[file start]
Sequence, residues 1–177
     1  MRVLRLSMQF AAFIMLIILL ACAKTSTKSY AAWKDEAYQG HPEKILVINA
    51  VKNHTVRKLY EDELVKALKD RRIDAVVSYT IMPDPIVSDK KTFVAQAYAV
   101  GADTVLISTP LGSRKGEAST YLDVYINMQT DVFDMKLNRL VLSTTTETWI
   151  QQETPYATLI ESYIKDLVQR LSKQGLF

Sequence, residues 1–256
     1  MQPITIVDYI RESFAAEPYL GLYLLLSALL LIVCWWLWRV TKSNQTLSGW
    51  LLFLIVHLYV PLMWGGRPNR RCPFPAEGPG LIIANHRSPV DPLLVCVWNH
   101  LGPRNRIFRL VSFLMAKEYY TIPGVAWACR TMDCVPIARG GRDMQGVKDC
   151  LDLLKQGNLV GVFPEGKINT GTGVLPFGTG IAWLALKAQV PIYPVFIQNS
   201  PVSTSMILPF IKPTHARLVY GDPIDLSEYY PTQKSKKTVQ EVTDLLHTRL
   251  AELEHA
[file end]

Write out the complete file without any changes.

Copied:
Sequence, residues 1–177
     1  MRVLRLSMQF AAFIMLIILL ACAKTSTKSY AAWKDEAYQG HPEKILVINA
    51  VKNHTVRKLY EDELVKALKD RRIDAVVSYT IMPDPIVSDK KTFVAQAYAV
   101  GADTVLISTP LGSRKGEAST YLDVYINMQT DVFDMKLNRL VLSTTTETWI
   151  QQETPYATLI ESYIKDLVQR LSKQGLF

Sequence, residues 1–256
     1  MQPITIVDYI RESFAAEPYL GLYLLLSALL LIVCWWLWRV TKSNQTLSGW
    51  LLFLIVHLYV PLMWGGRPNR RCPFPAEGPG LIIANHRSPV DPLLVCVWNH
   101  LGPRNRIFRL VSFLMAKEYY TIPGVAWACR TMDCVPIARG GRDMQGVKDC
   151  LDLLKQGNLV GVFPEGKINT GTGVLPFGTG IAWLALKAQV PIYPVFIQNS
   201  PVSTSMILPF IKPTHARLVY GDPIDLSEYY PTQKSKKTVQ EVTDLLHTRL
   251  AELEHA